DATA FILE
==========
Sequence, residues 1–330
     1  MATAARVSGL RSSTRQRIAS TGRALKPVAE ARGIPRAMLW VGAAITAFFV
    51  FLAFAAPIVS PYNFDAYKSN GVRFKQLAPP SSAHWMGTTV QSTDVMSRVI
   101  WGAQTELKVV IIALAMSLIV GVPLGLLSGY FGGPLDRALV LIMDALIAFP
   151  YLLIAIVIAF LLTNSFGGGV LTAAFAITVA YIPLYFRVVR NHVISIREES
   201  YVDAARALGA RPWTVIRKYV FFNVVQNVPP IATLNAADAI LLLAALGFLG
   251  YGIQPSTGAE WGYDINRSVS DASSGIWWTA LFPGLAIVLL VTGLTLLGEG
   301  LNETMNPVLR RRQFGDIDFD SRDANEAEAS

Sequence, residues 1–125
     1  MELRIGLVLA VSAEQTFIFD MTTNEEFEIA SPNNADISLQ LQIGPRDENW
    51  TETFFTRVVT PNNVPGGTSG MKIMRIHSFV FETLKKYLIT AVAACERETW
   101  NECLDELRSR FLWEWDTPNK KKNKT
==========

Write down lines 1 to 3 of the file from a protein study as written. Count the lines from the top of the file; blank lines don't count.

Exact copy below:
Sequence, residues 1–330
     1  MATAARVSGL RSSTRQRIAS TGRALKPVAE ARGIPRAMLW VGAAITAFFV
    51  FLAFAAPIVS PYNFDAYKSN GVRFKQLAPP SSAHWMGTTV QSTDVMSRVI